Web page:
How and why are too many Boomers finding themselves in a critical crossroads of many years ahead with little or no financial resources. Did they fail to establish a sound financial retirement plan early on in life?  Were they too busy establishing careers and reaching job goals? Did the euphoria of consumerism consume and blind them to the wisdom of deferring immediate impulsive “wants” in favor of long-term “needs?” Did some unanticipated and unavoidable financial crisis arise, draining their financial resources? Did raising a family, college costs, parental sickness, a divorce, or some natural tragedy sabotage their long-term financial plans?

Whatever your reasons for finding yourself financially unprepared to enter this, your last, and what you hoped to be your best life passage, you now must deal with the reality of a fixed amount of money, limited discretionary income, with lots of time on your hands to spend it! What’s a retiree to do?

The hour for tough love is at hand.  A reality check is in order.  It’s time to set aside the seemingly or actually ever dwindling checking balance and to answer several lifestyle changing questions: How and where can I conserve?  How and where can I put my current limited assets to work more effectively? How and where can I augment my income? Rest assured that, through smart saving and thoughtful spending, an adjusted lifestyle, and creative work strategies, you can and will survive, even thrive in retirement on a limited modest income.

First and foremost, do you actually have an accurate handle on your assets? Do you really know how much discretionary money available to you per month?  Where do your income resources lie? You actually need to compute how many dollars per month you earn. Typically, you might have a company pension, a 401K or similar IRA type retirement account, social security, a rainy-day savings account, and any other source of income.  These resources are liquid, in that they are available to you on a regular basis; they constitute a fixed amount; you can rely on them to cover your living expenses.

Next, consider other assets that, while they are not liquid in nature, nor are they easily accessible, are real, tangible possessions that may or may not be readily transferred into hard cash.  These include a home, a car, a boat, a motorcycle, a vacation condo, luxury technology and electronic items, etc. And although you cannot rely on these items to provide you with hard cash on a regular or instantaneous basis, you need to be aware that they comprise a body of valid monetary value.

Now for the hard part, the painful specific itemization of everything you spend on a daily, weekly, monthly basis. Microsoft Excel has several user-friendly templates that allow you to itemize your expenses by category, so that by the end of a given month, you know exactly how much you spent on that Starbucks pumpkin spice caramel cappuccino, what those on-sale Jimmy Choo shoes actually cost you, including shipping and state taxes,  how much you really dropped on that “bargain weekend getaway” to the Bahamas!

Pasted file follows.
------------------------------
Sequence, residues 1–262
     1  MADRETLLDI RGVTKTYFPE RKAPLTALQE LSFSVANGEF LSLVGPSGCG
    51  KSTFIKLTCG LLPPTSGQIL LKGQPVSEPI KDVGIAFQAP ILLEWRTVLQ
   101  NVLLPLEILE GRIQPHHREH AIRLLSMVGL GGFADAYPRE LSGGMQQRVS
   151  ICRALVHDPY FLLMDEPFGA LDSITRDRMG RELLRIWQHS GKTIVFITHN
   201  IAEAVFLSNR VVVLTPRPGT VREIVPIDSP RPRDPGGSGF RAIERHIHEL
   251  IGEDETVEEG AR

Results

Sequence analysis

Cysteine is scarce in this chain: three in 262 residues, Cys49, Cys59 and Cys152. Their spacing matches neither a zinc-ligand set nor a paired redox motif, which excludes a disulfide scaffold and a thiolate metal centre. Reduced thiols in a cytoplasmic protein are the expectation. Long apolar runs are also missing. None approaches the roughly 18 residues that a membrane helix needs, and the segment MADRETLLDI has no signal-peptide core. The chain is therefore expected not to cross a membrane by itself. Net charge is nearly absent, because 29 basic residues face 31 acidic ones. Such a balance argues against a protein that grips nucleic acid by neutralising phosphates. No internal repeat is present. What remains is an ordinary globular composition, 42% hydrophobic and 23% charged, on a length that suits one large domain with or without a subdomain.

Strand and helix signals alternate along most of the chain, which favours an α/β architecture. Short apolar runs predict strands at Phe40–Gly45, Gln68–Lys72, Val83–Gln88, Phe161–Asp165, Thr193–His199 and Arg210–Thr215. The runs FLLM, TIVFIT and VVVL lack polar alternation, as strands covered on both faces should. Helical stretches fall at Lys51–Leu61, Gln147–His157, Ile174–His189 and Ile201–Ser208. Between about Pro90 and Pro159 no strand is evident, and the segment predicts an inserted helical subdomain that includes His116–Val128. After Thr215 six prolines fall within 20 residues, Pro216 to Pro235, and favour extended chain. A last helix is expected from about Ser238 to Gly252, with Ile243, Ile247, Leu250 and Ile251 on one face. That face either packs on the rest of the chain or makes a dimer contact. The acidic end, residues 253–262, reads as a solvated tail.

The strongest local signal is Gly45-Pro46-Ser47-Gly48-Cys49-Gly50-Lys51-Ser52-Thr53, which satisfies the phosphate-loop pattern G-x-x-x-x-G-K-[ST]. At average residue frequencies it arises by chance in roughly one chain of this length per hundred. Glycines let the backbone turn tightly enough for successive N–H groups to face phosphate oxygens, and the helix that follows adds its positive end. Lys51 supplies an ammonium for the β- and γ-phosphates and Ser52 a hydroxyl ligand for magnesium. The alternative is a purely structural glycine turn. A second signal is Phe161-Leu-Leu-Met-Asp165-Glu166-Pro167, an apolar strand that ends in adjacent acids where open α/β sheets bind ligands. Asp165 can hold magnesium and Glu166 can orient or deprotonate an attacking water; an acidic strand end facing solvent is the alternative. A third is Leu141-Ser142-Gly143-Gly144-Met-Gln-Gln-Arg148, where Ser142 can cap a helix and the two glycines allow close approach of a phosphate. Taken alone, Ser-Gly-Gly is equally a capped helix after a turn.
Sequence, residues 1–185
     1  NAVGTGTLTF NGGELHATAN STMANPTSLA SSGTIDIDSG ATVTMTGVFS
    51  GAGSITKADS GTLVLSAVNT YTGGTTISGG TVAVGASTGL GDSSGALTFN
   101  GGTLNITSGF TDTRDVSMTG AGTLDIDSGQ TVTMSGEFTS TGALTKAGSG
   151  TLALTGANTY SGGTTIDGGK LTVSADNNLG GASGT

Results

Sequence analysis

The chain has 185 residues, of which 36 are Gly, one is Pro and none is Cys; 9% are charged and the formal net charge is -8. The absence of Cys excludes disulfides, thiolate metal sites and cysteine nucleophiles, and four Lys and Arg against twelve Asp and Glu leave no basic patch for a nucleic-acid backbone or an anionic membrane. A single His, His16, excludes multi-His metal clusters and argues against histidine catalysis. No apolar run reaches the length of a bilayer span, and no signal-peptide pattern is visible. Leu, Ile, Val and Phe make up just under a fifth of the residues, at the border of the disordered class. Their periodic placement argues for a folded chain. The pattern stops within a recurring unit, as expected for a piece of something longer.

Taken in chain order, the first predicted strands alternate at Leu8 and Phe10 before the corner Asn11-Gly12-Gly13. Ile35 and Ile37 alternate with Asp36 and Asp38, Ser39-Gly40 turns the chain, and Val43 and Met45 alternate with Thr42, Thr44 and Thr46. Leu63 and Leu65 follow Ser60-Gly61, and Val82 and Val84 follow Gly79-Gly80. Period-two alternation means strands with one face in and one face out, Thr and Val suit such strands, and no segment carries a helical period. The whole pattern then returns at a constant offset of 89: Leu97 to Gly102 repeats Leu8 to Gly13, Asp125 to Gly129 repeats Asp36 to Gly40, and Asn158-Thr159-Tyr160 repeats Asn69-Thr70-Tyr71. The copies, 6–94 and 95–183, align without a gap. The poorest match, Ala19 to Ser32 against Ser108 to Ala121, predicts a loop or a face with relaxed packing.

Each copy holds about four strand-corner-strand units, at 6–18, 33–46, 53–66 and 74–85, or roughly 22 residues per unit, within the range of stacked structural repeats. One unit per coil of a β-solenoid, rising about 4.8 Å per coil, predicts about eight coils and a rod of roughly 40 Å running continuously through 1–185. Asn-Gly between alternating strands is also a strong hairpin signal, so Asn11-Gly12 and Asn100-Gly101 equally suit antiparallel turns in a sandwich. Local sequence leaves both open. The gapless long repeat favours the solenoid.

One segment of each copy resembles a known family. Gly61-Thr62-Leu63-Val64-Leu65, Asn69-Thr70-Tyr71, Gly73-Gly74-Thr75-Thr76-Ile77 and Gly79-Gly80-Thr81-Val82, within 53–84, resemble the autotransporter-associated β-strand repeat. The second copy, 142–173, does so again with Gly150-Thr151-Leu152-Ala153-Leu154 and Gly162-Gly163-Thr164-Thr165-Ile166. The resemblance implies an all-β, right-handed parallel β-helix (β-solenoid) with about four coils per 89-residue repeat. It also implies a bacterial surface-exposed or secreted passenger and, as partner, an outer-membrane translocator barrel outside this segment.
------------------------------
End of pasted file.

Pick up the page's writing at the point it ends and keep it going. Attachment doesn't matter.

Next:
Once you have a firm handle on where your newly-limited fixed income resources are being spent, you’d be surprised how creative you can become in avoiding life in the red column! That free on-line pumpkin spice caramel cappuccino recipe you found on line might taste just as delicious in your kitchen wearing your PJ’s!  And who will ever know if you opt to purchase your designer shoes at a local outlet at half-price, where you might even find two pairs for the price of one.

Assessing one’s assets, and facing the realities of spending on our needs rather than our wants are two laudable beginning steps to assuring that you become and remain financially comfortable in retirement.  There are other even more pro-active steps you can take to assure that your golden years are just that!  For example, we haven’t even scratched the surface of multiple employment options, configurations, and strategies.
About the Author

Marie Langworthy’s retirement well-lived is her best sales pitch for her co-authored book, Shifting Gears to Your Life and Work After Retirement: Second Edition. In her current retirement career, she is fulfilling her long-held compulsion to write. Her new work takes the form of writing books, blogs and copy for client web sites. Marie is living proof that you can realize your dream job after retiring. But you need to do more than wish for it; you must will it to happen.

In her two most recent co-authored books, Shifting Gears to Your Life and Work After Retirement: Second Edition and Shifting Gears to Your Career Working Online (both available through, Marie and her co-author, Carolee Duckworth, provide a specific, exciting pathway and strategy for carrying out your ultimate retirement adventure. Both authors take pride and thank their readers that the first edition of Life & Work After Retirement sold 4000+ copies and won a Silver Nautilus Book Award as well as a Foreword’s IndieFab SIlver Award.

Come visit the book website at and the blogsite at for ongoing updates of resources and possibilities for life and work after work.